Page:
A Thanksgiving Reminder to a Grateful City
Yes, Newark, praise them well!—the first to tread
The river shore where stands thy busy town.
They followed where the shining Vision led,
From pride and persecution bravely fled,
And laid thy deep and firm foundation down.
From out a rough and jealous wilderness,
Praying, they fashioned homes for babe and wife.
In deprivation, loving God no less,
They lived such lives as He their Lord should bless,
And, living nobly, gave thee noble life.
They loved thee well, thy Founder Pioneers,
Those earnest, faithful women, fearless men;
To build thee true they spent their toil, their tears;
And now in these their city’s golden years,
Listen! Their spirits call to thee again.
“O Town of ours, proud of thy centuries,
What folk are these who lift, and build, and mine—
What strange, new, striving multitudes are these
Amid thy maze where stood our wildwood trees?
Behold, they, too, are Pioneers of thine!
“By Vision led, these other Pilgrim bands
Come now to thee in hope, as once came we.
They flee the fettered and the failing lands
To proffer toil of eager heart and hands
For life, and homes, and manly liberty.
“Their faith in thee is great as ours of old;
Within thy gates they see a shelter sure,
A welcome refuge and a friendly fold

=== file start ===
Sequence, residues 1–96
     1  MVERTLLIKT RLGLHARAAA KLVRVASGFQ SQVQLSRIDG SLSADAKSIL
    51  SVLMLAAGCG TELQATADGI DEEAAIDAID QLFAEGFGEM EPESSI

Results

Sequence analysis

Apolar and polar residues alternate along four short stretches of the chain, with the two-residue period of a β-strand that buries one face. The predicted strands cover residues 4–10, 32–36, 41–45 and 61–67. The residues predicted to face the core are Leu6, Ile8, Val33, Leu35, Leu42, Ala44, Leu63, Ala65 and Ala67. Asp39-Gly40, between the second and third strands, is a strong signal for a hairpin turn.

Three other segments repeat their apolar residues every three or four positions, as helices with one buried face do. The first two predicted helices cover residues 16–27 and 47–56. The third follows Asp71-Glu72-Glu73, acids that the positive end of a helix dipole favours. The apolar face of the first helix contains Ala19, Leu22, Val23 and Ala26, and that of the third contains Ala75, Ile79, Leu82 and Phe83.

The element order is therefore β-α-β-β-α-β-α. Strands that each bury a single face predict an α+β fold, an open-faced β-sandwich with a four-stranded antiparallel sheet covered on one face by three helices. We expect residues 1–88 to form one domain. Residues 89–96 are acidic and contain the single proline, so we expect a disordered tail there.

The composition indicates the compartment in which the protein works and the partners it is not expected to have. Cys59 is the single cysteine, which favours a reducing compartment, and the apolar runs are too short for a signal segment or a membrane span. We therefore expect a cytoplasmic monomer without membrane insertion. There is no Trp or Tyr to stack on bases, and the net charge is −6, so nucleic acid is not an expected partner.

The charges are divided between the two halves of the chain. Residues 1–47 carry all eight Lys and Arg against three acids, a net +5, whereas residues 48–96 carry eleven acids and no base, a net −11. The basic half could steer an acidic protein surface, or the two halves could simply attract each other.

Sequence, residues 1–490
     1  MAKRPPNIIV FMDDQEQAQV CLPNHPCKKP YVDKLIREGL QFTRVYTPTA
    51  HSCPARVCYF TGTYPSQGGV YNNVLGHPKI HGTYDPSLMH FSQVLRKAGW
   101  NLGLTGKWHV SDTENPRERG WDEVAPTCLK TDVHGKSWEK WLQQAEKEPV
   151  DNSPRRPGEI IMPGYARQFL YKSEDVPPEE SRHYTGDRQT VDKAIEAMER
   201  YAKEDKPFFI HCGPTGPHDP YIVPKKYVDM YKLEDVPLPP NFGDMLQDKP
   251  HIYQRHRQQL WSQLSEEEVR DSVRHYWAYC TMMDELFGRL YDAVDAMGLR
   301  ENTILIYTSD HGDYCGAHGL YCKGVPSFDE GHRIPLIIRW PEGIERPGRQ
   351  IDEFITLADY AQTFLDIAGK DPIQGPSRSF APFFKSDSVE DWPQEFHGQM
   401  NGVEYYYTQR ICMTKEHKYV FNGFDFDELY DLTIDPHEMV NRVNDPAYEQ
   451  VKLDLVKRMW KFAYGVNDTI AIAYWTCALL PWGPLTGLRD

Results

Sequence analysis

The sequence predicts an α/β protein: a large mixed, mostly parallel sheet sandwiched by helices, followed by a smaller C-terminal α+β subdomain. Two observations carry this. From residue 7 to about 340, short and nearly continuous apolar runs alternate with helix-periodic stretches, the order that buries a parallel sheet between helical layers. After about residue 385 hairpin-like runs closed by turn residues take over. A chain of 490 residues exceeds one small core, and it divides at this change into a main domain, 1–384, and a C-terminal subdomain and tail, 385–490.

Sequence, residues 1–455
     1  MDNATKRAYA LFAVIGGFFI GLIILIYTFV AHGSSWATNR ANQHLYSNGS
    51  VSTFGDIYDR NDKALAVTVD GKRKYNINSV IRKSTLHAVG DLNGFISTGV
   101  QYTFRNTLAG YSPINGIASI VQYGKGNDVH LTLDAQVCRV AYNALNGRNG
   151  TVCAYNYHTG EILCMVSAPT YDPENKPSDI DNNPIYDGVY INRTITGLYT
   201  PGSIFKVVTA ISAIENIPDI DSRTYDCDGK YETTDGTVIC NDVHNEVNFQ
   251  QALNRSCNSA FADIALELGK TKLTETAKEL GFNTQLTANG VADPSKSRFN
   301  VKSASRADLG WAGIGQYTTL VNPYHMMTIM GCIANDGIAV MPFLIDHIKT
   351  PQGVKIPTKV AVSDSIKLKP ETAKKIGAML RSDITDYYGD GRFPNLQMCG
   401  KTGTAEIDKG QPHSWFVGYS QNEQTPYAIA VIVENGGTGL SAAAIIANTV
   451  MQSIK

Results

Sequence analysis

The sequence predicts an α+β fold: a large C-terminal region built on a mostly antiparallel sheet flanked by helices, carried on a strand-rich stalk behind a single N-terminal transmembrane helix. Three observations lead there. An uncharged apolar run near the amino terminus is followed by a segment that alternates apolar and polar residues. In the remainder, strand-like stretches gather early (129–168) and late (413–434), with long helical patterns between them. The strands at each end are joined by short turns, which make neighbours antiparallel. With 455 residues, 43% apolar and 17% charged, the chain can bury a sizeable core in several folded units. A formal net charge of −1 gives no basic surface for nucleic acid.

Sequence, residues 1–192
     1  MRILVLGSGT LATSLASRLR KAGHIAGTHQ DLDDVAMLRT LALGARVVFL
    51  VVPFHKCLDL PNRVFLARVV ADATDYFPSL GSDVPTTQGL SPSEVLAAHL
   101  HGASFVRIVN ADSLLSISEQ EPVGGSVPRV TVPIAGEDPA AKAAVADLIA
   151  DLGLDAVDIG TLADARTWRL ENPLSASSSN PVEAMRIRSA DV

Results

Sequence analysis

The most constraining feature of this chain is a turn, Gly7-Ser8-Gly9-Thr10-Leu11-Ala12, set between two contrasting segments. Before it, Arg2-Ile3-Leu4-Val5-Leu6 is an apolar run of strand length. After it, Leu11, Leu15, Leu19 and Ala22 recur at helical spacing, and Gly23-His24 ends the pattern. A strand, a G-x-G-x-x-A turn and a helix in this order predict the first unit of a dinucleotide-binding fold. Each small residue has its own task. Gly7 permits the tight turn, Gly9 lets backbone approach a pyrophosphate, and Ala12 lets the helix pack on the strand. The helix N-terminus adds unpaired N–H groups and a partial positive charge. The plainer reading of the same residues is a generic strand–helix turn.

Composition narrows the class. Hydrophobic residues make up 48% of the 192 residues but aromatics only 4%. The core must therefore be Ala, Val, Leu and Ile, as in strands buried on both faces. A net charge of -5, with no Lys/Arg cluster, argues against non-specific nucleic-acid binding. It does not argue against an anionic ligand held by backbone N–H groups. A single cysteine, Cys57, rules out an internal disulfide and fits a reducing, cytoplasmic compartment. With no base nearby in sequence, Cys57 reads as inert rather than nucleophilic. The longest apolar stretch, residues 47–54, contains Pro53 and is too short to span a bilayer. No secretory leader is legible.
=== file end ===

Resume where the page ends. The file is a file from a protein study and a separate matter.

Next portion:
Where each his right to happiness may hold,
May seek and find the peace that shall endure.
“Their struggles are as ours, O Newark Town!
They are the Pioneers of times to be;
And God all-wise, from Heaven looking down,
Well knoweth He the virtue, the renown,
The honor they and theirs shall bring to thee.
“Beloved City, in thy golden years
Wouldst thou a debt of gratitude repay
For any toil of ours, for any tears?
Be kind to these thy newest Pioneers
Who come to build thee glorious today!”
So speak the Founders, and are heard no more.
But hark!—up from the wilderness of walls
A joyous voice, deep as the ocean’s roar!
In answer to the Pioneers of yore
The Spirit of the living city calls:
“Strong heart, stout arm, and willing, eager hand,
These are my pride as in the Founders’ day.
Firm in the faith of honest toil I stand
And sound my challenge forth to every land,
And will till earth and time shall pass away!
“Fear not! My yoke shall set my children free.
For me their might of arm and heart and nerve
Shall bless the nations to the furthest sea;
And all my wealth of happiness shall be
For these new souls who come to help me serve!”
The number of Newarkers exploded in the decades before and after 1900. Met by a flood of newcomers from eastern and southern Europe, census enumerators in 1890, 1900 and 1910 found that Newark’s population had swollen by 33, 35 and 41 percent respectively over the counts of ten years before. A 1909 tally revealed that three-quarters of the city’s residents were immigrants or children of immigrants.
The pressure of this human tide was felt in every facet of life, from education to public health to policing to politics. Anti-immigrant sentiment flared occasionally in the press and the streets. But the city economy, dependent on a cheap and plentiful labor supply, successfully absorbed and helped to assimilate generation after generation of new arrivals.
This poem appeared in the Newark Evening News on the eve of Thanksgiving Day 1916.